Whitehall officials like the city's chances in obtaining a grant from the Ohio Public Works Commission to pay for three-fourths of the cost of the resurfacing South Hamilton Road between East Broad and East Main streets.
If approved, the project would not begin until late next year or early 2015.
"We feel we have a pretty good shot at it," Whitehall service director Ray Ogden said.
Applications are due Sept. 16, but the Ohio Public Works Commission won't score applications until December, said Ryan Andrews, a project manager for EMH&T, an engineering and planning firm that is assisting in the grant application.
If approved in December, the city is not expected to receive a funding agreement until June 2014.
Ogden and Andrews outlined the application process during the Sept. 3 meeting of Whitehall City Council.
The repaving of South Hamilton Road would be one of many grant applications the Ohio Public Works Commission would receive.
Repaving projects aren't always the highest-scoring applications, but based on the sheer volume of traffic that South Hamilton Road carries, "it should score better than some other similar projects," Ogden said.
In the past few years, Whitehall has benefited from OPWC grants that improved Mayflower Boulevard and Rosemore Avenue.
If approved, the grant will pay 75 percent of the estimated $1.8 million to resurface South Hamilton Road. Whitehall would pay the 25 percent local match, which could be extended at no interest spread over the estimated 17-year life span of the project, Ogden said.
South Hamilton Road was repaved in 2004, but the curb lanes were repaved in 2009, using permissive-tax revenue derived from annual vehicle registrations.
"The curb lanes were deteriorated," Ogden said, adding that insufficient crowning, or curvature, of the road surface allowed for water to seep between the pavement and the curb, and recurring freezes and thaws prematurely cracked the pavement.
A high volume of heavy truck traffic, cement trucks from nearby Anderson Concrete and COTA buses in the curb lane also have damaged the surface, Ogden said.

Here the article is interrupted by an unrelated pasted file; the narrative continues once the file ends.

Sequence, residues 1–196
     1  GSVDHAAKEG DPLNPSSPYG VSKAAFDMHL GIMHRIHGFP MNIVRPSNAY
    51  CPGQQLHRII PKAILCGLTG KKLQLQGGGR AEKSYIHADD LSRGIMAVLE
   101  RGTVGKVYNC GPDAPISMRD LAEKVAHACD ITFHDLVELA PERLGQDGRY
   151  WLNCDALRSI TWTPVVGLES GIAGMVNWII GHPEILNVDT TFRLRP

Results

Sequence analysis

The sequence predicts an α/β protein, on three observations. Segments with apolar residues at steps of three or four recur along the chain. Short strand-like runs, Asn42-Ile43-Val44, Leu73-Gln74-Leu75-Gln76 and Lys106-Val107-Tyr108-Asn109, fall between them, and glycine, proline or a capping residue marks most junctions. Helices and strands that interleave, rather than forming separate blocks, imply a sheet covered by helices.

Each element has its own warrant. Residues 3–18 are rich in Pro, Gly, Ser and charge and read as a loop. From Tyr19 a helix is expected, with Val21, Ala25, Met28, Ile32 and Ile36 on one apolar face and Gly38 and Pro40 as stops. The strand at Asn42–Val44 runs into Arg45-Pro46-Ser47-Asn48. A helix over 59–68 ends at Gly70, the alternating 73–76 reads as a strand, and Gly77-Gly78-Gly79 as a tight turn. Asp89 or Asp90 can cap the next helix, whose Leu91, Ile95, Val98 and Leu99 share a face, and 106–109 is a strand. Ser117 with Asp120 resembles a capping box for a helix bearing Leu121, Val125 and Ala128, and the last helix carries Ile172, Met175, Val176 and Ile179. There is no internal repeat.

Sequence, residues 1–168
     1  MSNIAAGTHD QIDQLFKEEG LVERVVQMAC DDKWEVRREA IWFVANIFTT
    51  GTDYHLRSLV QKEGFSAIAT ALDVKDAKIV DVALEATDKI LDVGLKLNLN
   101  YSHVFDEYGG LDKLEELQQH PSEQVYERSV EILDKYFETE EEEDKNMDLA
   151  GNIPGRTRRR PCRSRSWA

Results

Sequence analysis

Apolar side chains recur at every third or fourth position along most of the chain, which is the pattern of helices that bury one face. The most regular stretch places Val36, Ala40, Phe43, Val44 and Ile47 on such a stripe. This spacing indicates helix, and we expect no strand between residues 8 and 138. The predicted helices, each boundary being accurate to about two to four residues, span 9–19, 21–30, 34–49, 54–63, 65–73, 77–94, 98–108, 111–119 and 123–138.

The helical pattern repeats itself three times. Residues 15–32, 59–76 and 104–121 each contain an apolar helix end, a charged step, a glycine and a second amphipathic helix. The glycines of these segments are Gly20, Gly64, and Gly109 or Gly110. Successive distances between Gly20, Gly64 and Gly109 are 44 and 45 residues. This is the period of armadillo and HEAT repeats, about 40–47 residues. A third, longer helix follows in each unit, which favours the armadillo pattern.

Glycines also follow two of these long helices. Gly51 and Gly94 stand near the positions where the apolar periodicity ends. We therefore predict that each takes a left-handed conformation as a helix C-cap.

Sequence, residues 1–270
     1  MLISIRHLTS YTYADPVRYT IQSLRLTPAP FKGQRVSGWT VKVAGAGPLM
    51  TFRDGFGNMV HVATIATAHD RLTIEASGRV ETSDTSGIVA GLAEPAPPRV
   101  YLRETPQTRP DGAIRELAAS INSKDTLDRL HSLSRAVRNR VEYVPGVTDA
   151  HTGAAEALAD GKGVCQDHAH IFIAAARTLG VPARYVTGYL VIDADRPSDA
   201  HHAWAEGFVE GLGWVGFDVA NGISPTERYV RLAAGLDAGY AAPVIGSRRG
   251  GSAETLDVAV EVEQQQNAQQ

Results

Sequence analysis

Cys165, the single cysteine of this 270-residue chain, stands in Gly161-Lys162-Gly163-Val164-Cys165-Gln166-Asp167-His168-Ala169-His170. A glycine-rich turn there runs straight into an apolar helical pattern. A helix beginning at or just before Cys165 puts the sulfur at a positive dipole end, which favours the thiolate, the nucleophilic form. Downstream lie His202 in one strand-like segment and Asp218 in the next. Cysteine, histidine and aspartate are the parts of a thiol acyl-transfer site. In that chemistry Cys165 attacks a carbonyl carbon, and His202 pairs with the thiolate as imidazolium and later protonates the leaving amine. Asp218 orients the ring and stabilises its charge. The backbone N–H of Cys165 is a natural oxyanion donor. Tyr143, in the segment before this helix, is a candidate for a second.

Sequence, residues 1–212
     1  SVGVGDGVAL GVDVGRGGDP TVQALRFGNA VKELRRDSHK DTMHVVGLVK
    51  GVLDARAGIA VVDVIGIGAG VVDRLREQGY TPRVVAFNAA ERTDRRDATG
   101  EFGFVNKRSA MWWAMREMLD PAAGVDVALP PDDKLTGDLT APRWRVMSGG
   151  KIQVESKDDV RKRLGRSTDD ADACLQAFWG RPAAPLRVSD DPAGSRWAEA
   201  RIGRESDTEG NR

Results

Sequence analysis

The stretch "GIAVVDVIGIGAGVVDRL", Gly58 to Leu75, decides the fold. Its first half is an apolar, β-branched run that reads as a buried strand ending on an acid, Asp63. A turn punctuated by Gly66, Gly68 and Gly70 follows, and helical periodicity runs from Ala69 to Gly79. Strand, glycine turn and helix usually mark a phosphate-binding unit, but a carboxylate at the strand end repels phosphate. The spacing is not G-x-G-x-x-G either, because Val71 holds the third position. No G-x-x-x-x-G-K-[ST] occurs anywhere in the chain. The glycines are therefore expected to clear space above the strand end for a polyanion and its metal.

The project would include some "full-depth repairs," meaning the surface is milled to the base and rebuilt, as opposed to only resurfacing a weakened foundation, Ogden said.
Spot work would be done on curbs, and bus pads would be installed at the COTA bus stops along South Hamilton Road.
Ogden said he chose to limit the proposal to the 1-mile section of South Hamilton Road, between East Broad Street and East Main Street, to maximize its score in the grant review process.
If approved, the city's three arterial roads will be resurfaced.
East Broad Street was resurfaced in 2011, and an Ohio Department of Transportation project to resurface all of East Main Street in Whitehall is near completion.
"It will be nice not to worry about any of those roads for about the next 10 years," Ogden said.
In other action during the Sept. 3 council meeting, council approved the expenditure of $12,500, the maximum liability amount for the city, rendered to a woman who was injured while being transported by Whitehall medics.
The wheel of a gurney was stuck in uneven pavement and the woman fell to the ground.
The case was settled without going to court, and the city agreed, based "on a moral obligation," to compensate the woman the maximum amount possible without involving the city's insurer, city attorney Mike Shannon said.